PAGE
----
Friends are important for our mental wellbeing - they pick us up when we're down and make us feel good about ourselves. Kids aren't born with the skills to make and nurture friendships - these need to be learned with support and guidance from adults, and improved with practice.
Developing friendship skills
To develop good friendships, now and in the future, it’s important for kids to start learning the following skills:
- Self-control: being able to wait for what they want, using words to express their feelings rather than acting disruptively or misbehaving, giving others a turn with toys.
- Welcoming: being able to approach and respond to others positively – with a smile and greeting.
- Assertiveness: being able to say what they’d like.
- Consideration: being able to say ‘please’ and ‘thank you’, taking turns, being able to lead and follow what others want to do, being able to cooperate and share.
- Play skills: being willing to take part in games and make suggestions for play.
- Communicating: talking and listening to others in a friendly way, saying something to start a conversation.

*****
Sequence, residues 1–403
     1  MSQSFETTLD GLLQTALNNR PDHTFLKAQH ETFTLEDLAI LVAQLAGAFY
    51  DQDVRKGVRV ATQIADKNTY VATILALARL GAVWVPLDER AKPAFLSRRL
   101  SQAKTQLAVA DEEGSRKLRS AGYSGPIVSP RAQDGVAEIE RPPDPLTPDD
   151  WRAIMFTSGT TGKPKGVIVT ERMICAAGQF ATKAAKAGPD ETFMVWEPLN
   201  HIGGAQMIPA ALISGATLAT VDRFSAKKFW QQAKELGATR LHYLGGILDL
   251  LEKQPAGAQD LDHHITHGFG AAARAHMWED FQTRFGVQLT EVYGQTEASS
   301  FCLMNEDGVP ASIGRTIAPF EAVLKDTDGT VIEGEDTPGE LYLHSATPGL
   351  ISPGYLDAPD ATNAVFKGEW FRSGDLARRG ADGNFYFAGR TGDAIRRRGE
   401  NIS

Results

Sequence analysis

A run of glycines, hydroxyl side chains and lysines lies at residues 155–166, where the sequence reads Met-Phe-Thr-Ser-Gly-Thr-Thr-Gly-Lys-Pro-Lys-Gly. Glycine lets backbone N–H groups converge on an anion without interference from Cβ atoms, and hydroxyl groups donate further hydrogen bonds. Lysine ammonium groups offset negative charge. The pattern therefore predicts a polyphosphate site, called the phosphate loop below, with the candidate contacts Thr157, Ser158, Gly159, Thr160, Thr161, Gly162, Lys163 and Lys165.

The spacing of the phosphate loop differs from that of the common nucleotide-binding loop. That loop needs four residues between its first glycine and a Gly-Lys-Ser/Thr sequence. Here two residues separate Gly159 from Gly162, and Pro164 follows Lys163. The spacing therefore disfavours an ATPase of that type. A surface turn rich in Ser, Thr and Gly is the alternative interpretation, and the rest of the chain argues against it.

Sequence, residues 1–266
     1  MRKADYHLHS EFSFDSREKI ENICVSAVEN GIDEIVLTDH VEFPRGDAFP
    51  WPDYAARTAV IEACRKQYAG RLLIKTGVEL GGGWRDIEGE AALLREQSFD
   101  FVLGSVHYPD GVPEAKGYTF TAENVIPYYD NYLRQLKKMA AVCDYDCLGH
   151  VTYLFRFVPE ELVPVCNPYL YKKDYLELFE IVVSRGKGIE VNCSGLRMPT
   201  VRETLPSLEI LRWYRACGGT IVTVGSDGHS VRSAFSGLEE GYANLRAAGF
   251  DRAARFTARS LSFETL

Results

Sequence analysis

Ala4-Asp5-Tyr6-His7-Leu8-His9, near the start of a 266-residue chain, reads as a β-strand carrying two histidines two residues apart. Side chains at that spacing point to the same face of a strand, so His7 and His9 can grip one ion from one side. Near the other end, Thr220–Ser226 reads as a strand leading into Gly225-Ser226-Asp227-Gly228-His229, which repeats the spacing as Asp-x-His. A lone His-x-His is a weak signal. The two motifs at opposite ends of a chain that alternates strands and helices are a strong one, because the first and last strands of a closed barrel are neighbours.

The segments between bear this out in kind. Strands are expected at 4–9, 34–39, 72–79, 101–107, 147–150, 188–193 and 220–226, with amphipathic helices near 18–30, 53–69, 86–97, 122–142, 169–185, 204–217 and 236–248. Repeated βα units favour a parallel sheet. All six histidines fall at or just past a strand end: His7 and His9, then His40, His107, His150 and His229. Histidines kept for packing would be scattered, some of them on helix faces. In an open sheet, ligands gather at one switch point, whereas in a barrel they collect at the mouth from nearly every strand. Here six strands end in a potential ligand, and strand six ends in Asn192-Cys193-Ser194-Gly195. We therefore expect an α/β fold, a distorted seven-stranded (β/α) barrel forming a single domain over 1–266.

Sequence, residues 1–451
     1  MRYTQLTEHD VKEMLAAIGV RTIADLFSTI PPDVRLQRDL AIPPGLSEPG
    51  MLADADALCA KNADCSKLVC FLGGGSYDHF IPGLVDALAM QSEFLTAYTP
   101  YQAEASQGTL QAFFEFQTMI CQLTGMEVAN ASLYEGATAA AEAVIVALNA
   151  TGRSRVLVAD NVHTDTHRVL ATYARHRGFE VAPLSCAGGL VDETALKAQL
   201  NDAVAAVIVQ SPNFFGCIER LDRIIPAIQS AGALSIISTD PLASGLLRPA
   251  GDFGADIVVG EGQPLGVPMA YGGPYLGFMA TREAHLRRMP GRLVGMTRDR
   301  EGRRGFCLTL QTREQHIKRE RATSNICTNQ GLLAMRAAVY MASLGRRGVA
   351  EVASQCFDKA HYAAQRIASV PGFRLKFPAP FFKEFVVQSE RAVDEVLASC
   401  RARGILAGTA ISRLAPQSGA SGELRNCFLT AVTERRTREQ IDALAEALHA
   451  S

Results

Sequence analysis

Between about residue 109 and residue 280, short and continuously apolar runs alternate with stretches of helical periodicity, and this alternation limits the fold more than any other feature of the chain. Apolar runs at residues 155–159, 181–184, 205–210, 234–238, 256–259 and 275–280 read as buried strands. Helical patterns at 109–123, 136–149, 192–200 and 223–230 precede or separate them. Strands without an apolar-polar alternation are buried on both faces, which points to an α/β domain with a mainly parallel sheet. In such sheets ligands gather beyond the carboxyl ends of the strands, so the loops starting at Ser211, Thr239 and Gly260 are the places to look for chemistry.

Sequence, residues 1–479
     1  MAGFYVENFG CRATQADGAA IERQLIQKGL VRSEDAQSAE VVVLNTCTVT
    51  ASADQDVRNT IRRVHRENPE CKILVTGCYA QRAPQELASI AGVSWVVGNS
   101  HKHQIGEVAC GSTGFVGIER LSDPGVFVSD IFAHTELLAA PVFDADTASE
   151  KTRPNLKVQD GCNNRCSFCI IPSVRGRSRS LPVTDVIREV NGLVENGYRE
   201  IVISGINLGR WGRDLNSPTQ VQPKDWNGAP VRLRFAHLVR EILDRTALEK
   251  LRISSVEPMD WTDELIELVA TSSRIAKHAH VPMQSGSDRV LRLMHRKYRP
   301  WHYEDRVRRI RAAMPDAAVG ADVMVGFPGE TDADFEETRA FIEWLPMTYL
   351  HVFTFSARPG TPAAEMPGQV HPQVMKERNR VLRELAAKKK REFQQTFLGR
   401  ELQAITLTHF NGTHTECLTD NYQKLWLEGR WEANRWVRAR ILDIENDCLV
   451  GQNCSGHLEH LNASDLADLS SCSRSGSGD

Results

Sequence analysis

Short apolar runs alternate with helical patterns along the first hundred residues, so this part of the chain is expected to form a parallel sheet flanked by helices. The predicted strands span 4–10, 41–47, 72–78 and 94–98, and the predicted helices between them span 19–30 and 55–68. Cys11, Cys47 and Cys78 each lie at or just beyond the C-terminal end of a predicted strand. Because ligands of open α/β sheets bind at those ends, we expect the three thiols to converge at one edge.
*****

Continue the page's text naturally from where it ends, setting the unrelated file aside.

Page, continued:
- Helping: being willing to help others.
- Prediction: being able to understand how others might be feeling based on their behaviour, being able to predict how their behaviour might affect others.
- Thinking: about alternatives when things go wrong – for example, if other children want to play something different, thinking of whether to join them or finding someone else to play with.
- Coping: being able to respond to rejection, disappointment or disapproval without experiencing too much distress or winning without gloating.
- Empathy: being able to respond to others’ feelings with understanding.
- Flexibility: being open to hearing or learning about other points of view or ways of doing things.
It takes a long time to learn these skills and we continue to develop them well into adulthood. You can help children develop these skills by being aware of what friendship and empathy skills they’re developing, and giving them a hand and some gentle coaching if they’re struggling with something.
Puppet games can be a good way to practice together – asking "What will the puppet do if we push him? If we smile at him? If we say we like what he’s doing?"